As Naimi indicated that the world is heading to developing alternatives to fossil fuels, he reiterated Saudi Arabia's commitment to the development of renewable energy technologies, led by solar energy along with the reduction of emissions from traditional fuels, by enhancing efficiency and carbon storage and sequestration.

Going through the full text of Naimi's speech, we conclude that extracting the famous "three words" is like removing the second half of "No God but Allah". Now, if we understand the intentions of people like Learsy, we fail to figure out why some Arab environmental groups still insist on copying the ideas of others, just like parrots without verification and review.

It is well known that the oil industry requires continuous investments in facilities for production and refineries. If such investments are reduced to minimal levels and the renewable energies could not deliver the projected output in time, the world may face a shortage of energy required for meeting the basic needs of the growing populations. What Naimi called for was to continue investing in developing reliable traditional energy sources at reasonable levels, in parallel with allocating more resources to develop practical, economic and efficient renewable and alternative energy technologies. Where is the crime in such a logical paradigm?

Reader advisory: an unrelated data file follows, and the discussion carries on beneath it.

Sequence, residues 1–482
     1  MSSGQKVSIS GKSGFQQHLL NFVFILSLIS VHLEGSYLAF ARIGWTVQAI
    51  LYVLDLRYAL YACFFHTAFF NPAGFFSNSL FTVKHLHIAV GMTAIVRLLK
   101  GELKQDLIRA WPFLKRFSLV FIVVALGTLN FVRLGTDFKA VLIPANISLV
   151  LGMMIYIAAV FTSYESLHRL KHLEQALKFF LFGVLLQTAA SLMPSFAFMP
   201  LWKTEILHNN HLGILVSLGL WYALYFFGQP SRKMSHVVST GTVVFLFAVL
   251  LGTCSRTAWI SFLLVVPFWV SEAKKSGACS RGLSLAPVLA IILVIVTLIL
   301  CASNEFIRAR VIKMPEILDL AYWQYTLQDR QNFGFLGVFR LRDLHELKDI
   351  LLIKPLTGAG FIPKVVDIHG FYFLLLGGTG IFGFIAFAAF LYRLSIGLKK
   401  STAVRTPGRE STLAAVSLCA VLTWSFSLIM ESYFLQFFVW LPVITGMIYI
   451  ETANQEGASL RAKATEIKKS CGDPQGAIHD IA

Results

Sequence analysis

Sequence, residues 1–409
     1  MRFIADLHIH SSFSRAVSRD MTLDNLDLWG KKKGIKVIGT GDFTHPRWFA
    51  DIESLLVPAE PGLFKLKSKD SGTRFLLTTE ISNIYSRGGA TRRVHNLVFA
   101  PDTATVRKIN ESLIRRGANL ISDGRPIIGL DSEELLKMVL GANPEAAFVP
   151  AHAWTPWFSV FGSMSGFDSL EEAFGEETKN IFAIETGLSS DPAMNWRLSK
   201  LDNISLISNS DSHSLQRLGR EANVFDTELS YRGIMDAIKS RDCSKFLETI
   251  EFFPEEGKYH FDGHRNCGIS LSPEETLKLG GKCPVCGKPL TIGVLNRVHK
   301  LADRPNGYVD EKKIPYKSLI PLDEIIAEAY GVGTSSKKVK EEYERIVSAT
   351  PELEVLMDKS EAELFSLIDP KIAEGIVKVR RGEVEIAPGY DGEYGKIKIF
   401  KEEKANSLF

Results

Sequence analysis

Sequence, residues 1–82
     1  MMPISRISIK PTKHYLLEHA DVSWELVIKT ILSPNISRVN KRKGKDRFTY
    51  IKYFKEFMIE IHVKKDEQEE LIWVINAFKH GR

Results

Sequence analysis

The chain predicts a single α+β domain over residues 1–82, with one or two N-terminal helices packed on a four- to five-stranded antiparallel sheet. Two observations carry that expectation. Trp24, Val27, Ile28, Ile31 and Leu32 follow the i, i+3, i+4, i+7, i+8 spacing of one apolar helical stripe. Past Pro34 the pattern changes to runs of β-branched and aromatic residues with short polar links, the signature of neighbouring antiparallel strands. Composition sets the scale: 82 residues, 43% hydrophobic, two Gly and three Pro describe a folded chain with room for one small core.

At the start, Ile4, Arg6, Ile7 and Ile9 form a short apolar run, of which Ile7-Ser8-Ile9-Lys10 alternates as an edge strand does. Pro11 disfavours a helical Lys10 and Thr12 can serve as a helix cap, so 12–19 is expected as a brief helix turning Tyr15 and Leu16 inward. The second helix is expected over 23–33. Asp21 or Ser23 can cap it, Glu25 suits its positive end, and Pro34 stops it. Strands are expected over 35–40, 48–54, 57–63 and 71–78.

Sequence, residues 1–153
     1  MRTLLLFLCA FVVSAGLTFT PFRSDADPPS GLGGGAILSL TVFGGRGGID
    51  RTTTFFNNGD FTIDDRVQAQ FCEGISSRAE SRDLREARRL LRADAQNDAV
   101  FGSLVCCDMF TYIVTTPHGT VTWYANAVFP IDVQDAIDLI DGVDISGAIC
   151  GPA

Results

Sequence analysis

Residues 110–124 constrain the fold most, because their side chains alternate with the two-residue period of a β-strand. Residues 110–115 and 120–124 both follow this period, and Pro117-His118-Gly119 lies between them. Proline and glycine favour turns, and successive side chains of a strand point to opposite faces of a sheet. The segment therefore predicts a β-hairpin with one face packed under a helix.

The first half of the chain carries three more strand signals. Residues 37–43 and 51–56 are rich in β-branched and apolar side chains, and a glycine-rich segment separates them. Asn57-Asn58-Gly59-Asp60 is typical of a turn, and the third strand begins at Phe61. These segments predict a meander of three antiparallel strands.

Actually, the projected increase in human population at a rate of 50% in 50 years, and the ever-increasing demands of billions of people in China and India who are entering the modern economic cycle will double the demand for energy, will in turn increase demand on all energy sources, whether traditional or alternative. It is necessary that investments in alternative energy sources will be matched with parallel investments in developing cleaner technologies of traditional energy.

If this is the situation, why then the vicious offensive is launched on the Saudi minister, with a deliberate misinterpretation of his statement? Unfortunately this is not the only reason. The least we can say about certain statements circulated by some Arab oil sources is that they are not helpful to project good image of oil producers. Reuters has recently quoted an adviser to a prominent OPEC oil minister, as saying that "the UN negotiations on climate change threaten our existence". The reason, according to his argument, was that oil producing countries have not yet diversified their economies and are thus unprepared for alternatives.